It’s that time of year again when the kids are back in class and teachers and school personnel have put the finishing touches on their plans and rooms for their eager students. The Bay Village Education Foundation, however, lends a helping hand to those teachers and staff that desire a little something extra at the beginning of each year, such as to initiate a revolutionary idea, gather more purposeful and helpful supplies, or to try using new equipment with their students.

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Volume 6, Issue 19, Posted 9:57 AM, 09.16.2014

Bay Village steps up again

On Sept. 3, it was made known that an autistic teen from Bay High was talked into taking the ALS Ice Bucket Challenge, only to be duped into being doused with a mixture of water and bodily fluids. Of course, everyone knows this. The entire nation knows this, due to the horrific nature of the crime.

This event has cast an ugly light on our town. However, its students and residents have risen to the occasion to disparage that light and prove that, in spite of the acts of a few, we, as a community, truly care.

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Volume 6, Issue 19, Posted 10:05 AM, 09.16.2014

'Be Fit in Bay' kicks off Sept. 27

Bay Village is launching a healthy community initiative, "Be Fit in Bay," starting with an 8-week fitness challenge. The challenge includes programs on health-related topics each Tuesday, Sept. 30 to Nov. 18, in the library at the Bay High School (Oct. 28 meets at the Dwyer Senior Center) at 7 p.m. followed by a walk with a health professional with gradually increasing mileage, and before-and-after screenings of cholesterol, blood pressure and body mass index (for adults only).

Prizes will be awarded to the top three participants based on participation in walks, screenings and improvement in personal health numbers. Participants will receive a starting kit that includes a Cleveland Clinic wellness journal, pedometer and water bottle. Be Fit in Bay is open to adults who live or work in the city of Bay Village.

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Volume 6, Issue 19, Posted 10:03 AM, 09.16.2014

Snap a better selfie with BAYarts classes

Al Fuchs and Larry Kasperek of BayLight Studios are offering several classes and workshops at BAYarts this fall. 

With so much of your life photographically shared on social media outlets, why wouldn't you want to improve the quality of those images? Luckily, there is a slew of classes and workshops coming to BAYarts this fall that are directly aimed at this cause. Teachers Al Fuchs and Larry Kasperek of BayLight Studio will be aiding students in creating better portraits, action shots and utilizing posing skills.

The classes include "The Basics" as well as "Photographing for Publication." In these, students will get a chance to discuss each other's work, as well as participate in weekly homework assignments so they can demonstrate what they're learning.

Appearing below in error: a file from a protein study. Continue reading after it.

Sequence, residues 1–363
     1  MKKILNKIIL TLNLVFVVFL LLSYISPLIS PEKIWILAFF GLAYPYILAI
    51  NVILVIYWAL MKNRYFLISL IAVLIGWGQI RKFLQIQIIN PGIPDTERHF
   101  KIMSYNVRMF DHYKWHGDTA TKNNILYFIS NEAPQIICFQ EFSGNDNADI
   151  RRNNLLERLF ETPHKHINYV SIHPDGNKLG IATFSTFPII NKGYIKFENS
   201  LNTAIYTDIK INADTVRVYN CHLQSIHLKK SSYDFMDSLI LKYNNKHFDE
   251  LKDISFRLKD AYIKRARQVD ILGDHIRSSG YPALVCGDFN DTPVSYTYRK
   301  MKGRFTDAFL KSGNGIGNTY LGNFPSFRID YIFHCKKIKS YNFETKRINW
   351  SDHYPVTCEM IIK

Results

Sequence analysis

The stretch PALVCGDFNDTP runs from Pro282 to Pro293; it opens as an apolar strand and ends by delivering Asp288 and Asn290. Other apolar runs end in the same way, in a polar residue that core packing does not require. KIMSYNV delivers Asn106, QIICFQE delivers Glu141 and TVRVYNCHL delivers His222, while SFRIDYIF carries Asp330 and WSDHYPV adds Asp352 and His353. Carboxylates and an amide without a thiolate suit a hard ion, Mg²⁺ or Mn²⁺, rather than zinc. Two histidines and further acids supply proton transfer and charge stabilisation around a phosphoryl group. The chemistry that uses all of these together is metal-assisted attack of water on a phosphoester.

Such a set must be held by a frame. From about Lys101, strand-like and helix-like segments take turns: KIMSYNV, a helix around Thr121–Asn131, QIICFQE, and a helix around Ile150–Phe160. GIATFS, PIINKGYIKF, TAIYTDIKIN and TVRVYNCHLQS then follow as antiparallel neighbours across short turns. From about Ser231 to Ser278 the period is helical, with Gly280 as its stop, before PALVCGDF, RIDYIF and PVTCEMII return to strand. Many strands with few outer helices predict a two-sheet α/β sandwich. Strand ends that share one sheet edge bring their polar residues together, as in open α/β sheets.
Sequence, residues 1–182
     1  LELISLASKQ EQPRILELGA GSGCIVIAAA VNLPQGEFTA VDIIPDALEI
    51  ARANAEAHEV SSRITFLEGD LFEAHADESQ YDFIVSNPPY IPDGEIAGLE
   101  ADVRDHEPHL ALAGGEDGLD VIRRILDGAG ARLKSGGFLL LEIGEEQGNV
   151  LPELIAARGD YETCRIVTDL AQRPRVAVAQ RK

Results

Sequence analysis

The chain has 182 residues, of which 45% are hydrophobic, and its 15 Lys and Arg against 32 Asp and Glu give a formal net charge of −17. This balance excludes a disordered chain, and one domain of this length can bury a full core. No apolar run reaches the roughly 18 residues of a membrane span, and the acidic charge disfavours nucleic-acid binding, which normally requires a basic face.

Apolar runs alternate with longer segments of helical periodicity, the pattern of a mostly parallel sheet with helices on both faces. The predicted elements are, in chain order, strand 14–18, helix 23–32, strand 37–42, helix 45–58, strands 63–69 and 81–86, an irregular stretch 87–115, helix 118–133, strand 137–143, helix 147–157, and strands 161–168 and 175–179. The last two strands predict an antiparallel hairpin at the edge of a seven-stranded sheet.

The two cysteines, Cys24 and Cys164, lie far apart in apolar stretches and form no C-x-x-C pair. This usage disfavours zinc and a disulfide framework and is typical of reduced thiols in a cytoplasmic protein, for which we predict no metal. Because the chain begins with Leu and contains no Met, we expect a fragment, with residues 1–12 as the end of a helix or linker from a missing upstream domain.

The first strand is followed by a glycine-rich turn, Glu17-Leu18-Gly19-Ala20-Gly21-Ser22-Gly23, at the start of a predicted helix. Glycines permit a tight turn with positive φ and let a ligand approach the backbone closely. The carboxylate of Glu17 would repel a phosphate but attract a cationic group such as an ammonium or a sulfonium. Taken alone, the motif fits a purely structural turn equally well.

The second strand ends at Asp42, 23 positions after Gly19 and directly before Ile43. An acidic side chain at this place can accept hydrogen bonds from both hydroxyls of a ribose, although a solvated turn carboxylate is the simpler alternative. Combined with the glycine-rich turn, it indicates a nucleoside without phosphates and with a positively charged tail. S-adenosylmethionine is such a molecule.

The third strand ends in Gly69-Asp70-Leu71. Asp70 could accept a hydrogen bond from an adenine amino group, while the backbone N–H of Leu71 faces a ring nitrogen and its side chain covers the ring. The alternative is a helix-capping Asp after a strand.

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Volume 6, Issue 19, Posted 10:05 AM, 09.16.2014

Drum circle and 'Untethered Soul' highlight Unity's leap into fall

A high-energy drum circle and a fall program focusing on the modern spiritual classic, "The Untethered Soul," highlight an exciting next few weeks at Unity Spiritual Center. If you’ve had thoughts of checking out Unity, now is the perfect time to find out what we’re all about.

First up is the Autumn Equinox Celebration, Potluck and Drumming Circle. This fun-filled family event will be held Saturday, Sept. 20, from 6-8:30 p.m. on Unity’s campus at 23855 Detroit Road in Westlake. The evening begins with a fall harvest ceremony around the fire. Next we share a delicious potluck, followed by a community drum fun circle led by Corky & Barb. Bring a dish for the potluck, as well as any drums or rattles you might have. Corky & Barb, however, will provide many instruments for the drumless.

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Volume 6, Issue 19, Posted 10:01 AM, 09.16.2014

End stigma and create compassion

In this age where technology emerges at rapid pace there remains a baffling amount of misunderstanding about mental illness. The medical science related to diagnosing and treating mental illness is as extensive as the science related to treating diabetes or arthritis. The fact remains that even among educated people, mental illness is often seen as a fault and not a physical health affliction. Stigma about mental illness is predominant and implies that mental illness is a flaw of character. Stigma is harmful because it is an obstacle for many to receive psychiatric treatment and it directly stands in the way of social acceptance.

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Volume 6, Issue 19, Posted 10:01 AM, 09.16.2014

Bradley Bay celebrates Grandparents Day

Bradley Bay resident Carol Rodman celebrates Grandparents Day with her family. Photo by Donna D'Amico

Sunday, Sept. 7, was National Grandparents Day, and at O’Neill Healthcare Bradley Bay it was celebrated in style! On a “picture-perfect” weather day, 175 residents and guests gathered outside. Musical entertainment was provided by the Johnny Pastirik Band while residents and their families enjoyed root beer floats. Volunteers from Providence Church and the Lake Breeze Youth Group joined in the fun, and along with the Bradley Bay staff made sure that every resident felt honored and cherished for the special gifts that only a grandparent can give.

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Volume 6, Issue 19, Posted 10:05 AM, 09.16.2014